Florence Turner - Silent Star of May, 1998
by Kally Mavromatis
"I would rather have touched the hem of her skirt than to have shaken hands with St. Peter." -- Norma Talmadge
She was known simply as The Vitagraph Girl, in a time before "stars" were stars, but she was one of the first well-known screen stars and the first to be put under contract by a film company. After almost a century, Florence Turner’s beauty, charm, and wit still have the power to delight; and it is not difficult to understand the fascination she held for audiences at the start of the 20th Century, who made her — identified only as "The Vitagraph Girl”— America’s first movie star.
Florence Turner was born in New York in 1887. The child of actors, she was on the stage from the age of 3, and was proud to have played alongside Sir Henry Irving in Richelieu on his last American tour. She began her extensive career on the stage and in vaudeville as Eugenie Florence. Her specialty was her impersonations, including caricatures of popular stage actresses Marie Dressler and Fay Templeton.
Turner joined Vitagraph, one of the earliest film studios, in the spring of 1907. As with any small company, the young actress wore a variety of hats: she kept the books, paid the staff and artists, and was clerk, cashier, and accountant, never hesitating to pitch in whenever and wherever needed. While at Vitagraph she performed in a wide variety of roles, in films such as A Tale of Two Cities, Lancelot and Elaine, Jealousy, The Deerslayer, The Closed Door, and The Dixie Mother. During the filming of Two Cities, she became ill, and a young Norma Talmadge acted as stand-in, filmed from behind.
In 1910 Turner began a series of numerous personal appearances, including an April "tour" of theatres in Brooklyn to introduce the new song "The Vitagraph Girl." The tours were enormously successful, and taking notice in June 1910 the New York Dramatic Mirror wrote a story on her titled "A Motion Picture Star," perhaps the first time the phrase came into the public consciousness. The increasing popularity of Turner's appearances paved the way and led to bookings for other Vitagraph players.
While personal appearances are standard stuff today, such was the naivete of the film industry at the time that when one exhibitor asked if he could publicize in advance the appearance of Turner, the studio heads were stunned at the small-scale riots by those unable to get in. By the end of 1911 the advertising value of the players had become very clear indeed.
After playing a variety of roles at Vitagraph, Turner decided to leave Vitagraph in early 1913 for a vaudeville tour. A one-reeler of one of her films would be screened, followed by a variety of impersonations. Once the tour was over she announced her plans to go to England for a music hall tour, and on May 26, 1913 Turner made her British debut at the London Pavilion.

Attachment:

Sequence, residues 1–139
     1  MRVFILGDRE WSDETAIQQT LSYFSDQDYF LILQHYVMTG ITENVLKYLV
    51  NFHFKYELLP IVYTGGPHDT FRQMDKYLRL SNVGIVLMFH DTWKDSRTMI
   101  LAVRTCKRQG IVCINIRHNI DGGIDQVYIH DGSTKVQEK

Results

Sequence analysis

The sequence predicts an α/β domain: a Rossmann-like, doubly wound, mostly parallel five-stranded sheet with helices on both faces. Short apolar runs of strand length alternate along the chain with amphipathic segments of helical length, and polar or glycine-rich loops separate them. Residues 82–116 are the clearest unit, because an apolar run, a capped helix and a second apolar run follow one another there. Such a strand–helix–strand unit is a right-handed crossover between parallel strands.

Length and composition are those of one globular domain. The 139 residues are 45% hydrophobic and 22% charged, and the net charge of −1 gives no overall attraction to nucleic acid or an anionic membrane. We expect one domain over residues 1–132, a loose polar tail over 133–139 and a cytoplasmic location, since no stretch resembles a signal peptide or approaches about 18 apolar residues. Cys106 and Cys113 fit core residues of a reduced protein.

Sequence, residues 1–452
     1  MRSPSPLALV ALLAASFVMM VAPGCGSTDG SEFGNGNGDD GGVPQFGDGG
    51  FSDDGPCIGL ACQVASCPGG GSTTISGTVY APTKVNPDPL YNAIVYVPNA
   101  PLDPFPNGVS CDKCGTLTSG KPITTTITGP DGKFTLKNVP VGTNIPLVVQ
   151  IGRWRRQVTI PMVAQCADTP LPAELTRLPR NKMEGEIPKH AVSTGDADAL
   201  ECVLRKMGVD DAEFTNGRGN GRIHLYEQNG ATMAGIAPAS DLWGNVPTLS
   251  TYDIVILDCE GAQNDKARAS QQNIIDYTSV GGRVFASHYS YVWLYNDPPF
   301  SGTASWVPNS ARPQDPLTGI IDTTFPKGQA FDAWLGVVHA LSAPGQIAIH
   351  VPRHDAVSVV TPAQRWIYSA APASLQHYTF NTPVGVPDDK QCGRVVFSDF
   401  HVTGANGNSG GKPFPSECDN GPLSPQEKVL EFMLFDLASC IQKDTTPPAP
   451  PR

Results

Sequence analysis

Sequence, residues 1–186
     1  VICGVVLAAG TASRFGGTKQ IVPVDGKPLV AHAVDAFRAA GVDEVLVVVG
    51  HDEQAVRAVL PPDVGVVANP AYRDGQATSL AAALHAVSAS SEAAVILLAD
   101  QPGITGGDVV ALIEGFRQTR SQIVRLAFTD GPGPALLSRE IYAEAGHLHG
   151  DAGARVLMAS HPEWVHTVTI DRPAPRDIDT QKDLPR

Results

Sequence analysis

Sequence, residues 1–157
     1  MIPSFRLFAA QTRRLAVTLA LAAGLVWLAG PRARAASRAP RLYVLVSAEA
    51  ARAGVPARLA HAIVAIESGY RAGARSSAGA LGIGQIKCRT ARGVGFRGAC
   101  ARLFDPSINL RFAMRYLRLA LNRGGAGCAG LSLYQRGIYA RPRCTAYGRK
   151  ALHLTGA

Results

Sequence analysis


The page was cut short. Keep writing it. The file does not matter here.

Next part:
While in England, Turner formed Turner Films, with studios at Walton-on-Thames, home of British film pioneer Cecil Hepworth. Longtime director and former Vitagraph pal Larry Trimble was named head of production, with popular British actor Henry Edwards her leading male performer.
The films that the company produced and released through Hepworth were among the best British productions of the period. Florence Turner, who took an active part in the production and often herself directed, is justly characterized by Rachael Low as "both … a light comedienne and a dramatic actress with a great fondness for elaborate make-up”.
England was the ideal choice for someone looking to produce and distribute independent films, and while there Turner produced 30 films, including one-reel shorts like Creatures of Habit (England 1914), two-reel comedies Rose of Surrey (England 1913), and the five-reel, feature-length Far From the Madding Crowd (England 1916). In 1915 she starred in My Old Dutch (England 1915) with Albert Chevalier, a role which quickly became her signature film. She also continued her popular impersonations in a one-reeler titled Florence Turner Impersonates Film Favorites (1915), where she appeared as Ford Sterling, Broncho Billy Anderson, Mabel Normand, and Sarah Bernhardt. Her films continued to be seen by the American public, with U.S. distribution handled by Mutual.
World War I put an end to her English productions, and on November 12, 1916 she returned to the U.S. But her return to Hollywood found her in a drastically different industry. Despite her status as early star, film pioneer, and independent producer, she was never able to achieve the status and prestige she had previously enjoyed, and only appeared in occasional starring or featured roles, but never in a major production. She was set to direct a series of comedies at Universal in 1919, but the deal fizzled out, and in 1920 Turner became a stock player at Metro. Unhappy with bit parts, she returned to England in 1922, playing leading roles in British productions, none of which were released in the U.S. In addition, Turner returned to the stage with her impersonations, portraying Alla Nazimova, Mae Murray, Charlie Chaplin, and Larry Semon.
In 1924 a crisis in the British film industry led to the closing of all British studios. Unable to return to the U.S., Turner was aided by Marion Davies, who paid for her and her mother to return to the U.S. and gave her a role in Janice Meredith.
In 1925 old Turner Productions director Larry Trimble, now at Universal, wanted to remake My Old Dutch and did a screen test with Florence recreating her role. While Universal approved the project the lead was given to May McAvoy. For the rest of the decade she continued to act in small roles, usually as the mother, including Buster Keaton's in College 1927. In the early '30s Turner continued her stage impersonations in a program titled Pioneer Film Days, and in 1937 was offered a contract as a stock extra at MGM by Louis B. Mayer.
Florence Turner died August 28, 1946 at the Motion Picture Country House.